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Old 15-03-2008, 23:37   #19
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I frequently hit sturgeon while running in shallow waters up in the San Pablo Bay area of the SF Bay. I usually hear a bang on the hull forward accompanied by the sound of the blades of the props chopping up the fish for a second. It's a real shame sturgeon don't have air bladders to keep them at the surface, otherwise I could have had some pretty good meals.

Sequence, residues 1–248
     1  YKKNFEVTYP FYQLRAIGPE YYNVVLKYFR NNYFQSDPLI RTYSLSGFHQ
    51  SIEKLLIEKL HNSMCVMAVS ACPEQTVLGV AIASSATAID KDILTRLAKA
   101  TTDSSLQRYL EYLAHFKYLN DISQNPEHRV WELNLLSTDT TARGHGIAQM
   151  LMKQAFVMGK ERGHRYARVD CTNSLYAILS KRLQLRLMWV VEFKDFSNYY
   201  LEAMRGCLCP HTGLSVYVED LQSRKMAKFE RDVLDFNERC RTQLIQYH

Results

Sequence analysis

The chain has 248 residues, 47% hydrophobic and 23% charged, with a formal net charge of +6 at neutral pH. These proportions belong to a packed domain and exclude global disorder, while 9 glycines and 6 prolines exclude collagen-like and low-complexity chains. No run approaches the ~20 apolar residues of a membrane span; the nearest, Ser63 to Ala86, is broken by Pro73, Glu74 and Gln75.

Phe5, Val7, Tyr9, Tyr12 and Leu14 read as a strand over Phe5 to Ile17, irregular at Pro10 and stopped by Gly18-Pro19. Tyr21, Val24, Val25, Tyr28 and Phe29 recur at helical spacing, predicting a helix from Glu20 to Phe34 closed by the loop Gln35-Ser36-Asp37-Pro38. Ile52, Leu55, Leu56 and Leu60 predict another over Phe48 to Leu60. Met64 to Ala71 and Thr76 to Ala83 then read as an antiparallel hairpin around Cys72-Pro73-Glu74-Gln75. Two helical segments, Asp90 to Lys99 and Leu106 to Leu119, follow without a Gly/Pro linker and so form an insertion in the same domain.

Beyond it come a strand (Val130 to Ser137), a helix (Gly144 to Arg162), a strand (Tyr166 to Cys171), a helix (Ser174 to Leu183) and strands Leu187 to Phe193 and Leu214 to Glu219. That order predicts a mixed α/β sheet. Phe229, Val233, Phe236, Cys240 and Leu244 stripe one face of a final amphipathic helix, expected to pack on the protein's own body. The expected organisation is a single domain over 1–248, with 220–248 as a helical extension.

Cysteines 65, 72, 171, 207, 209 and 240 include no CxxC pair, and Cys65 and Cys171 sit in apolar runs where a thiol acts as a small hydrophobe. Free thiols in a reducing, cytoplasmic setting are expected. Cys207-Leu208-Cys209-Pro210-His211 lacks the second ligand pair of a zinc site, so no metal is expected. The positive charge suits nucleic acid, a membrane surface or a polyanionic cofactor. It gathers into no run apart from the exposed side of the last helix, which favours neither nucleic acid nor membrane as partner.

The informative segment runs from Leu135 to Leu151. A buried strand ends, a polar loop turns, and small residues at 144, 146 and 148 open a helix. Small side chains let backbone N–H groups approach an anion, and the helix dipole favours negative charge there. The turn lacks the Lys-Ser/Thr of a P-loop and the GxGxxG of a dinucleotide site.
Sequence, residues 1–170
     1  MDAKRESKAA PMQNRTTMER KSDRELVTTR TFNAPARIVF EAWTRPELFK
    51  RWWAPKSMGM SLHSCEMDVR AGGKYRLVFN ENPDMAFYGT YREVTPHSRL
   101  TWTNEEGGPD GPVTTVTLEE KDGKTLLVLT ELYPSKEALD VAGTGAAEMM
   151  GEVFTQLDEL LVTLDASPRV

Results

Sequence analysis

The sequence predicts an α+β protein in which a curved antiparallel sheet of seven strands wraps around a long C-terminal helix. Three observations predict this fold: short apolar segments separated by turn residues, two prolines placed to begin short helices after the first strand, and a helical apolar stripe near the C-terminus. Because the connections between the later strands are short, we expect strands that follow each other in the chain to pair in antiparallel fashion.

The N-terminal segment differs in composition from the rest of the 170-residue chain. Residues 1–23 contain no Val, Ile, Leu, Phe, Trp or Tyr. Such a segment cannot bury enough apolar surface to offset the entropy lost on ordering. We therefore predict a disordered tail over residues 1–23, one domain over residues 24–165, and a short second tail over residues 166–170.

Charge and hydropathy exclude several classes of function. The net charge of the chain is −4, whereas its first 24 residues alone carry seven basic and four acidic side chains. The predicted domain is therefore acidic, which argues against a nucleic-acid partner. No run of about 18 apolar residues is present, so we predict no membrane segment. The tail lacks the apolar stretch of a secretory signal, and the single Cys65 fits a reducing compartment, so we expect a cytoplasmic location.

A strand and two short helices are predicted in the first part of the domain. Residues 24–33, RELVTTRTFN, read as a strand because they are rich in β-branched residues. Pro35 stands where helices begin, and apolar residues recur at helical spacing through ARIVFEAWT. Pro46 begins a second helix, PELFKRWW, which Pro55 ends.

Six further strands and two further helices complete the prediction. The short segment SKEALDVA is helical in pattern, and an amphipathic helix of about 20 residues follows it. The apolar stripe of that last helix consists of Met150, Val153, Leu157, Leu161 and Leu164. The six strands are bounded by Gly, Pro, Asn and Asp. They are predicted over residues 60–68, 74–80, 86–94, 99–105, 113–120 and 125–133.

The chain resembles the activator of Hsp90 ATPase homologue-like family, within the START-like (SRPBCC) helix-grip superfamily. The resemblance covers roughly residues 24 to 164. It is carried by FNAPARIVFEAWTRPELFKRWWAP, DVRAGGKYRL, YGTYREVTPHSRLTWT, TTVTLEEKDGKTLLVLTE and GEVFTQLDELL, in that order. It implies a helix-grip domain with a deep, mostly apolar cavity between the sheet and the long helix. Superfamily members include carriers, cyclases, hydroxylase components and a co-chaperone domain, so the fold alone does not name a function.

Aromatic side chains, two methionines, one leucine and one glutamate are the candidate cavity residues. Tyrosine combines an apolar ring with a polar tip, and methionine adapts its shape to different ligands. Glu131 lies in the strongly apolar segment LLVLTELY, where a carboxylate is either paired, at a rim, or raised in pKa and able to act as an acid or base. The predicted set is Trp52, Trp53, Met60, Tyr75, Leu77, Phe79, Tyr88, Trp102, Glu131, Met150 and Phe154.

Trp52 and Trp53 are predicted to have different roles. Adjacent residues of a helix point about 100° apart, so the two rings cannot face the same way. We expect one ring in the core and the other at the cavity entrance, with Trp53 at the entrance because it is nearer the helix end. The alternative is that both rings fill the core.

I had a whale come up for air less than boat length away on the SF Bay. Whales visit the SF Bay much more frequently than the news media reports them.
Yeah, whales seem pretty unpredictable. I had a minke whale come up no more than 4 feet from the port side of the hull on my old Gulfstar. I was doing 5 knots under power and the whale just popped right up next to us. I was scared to death I was going to hit it... not because of my boat or anything, but because I didn't want to hurt it.
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Old 17-03-2008, 12:15   #20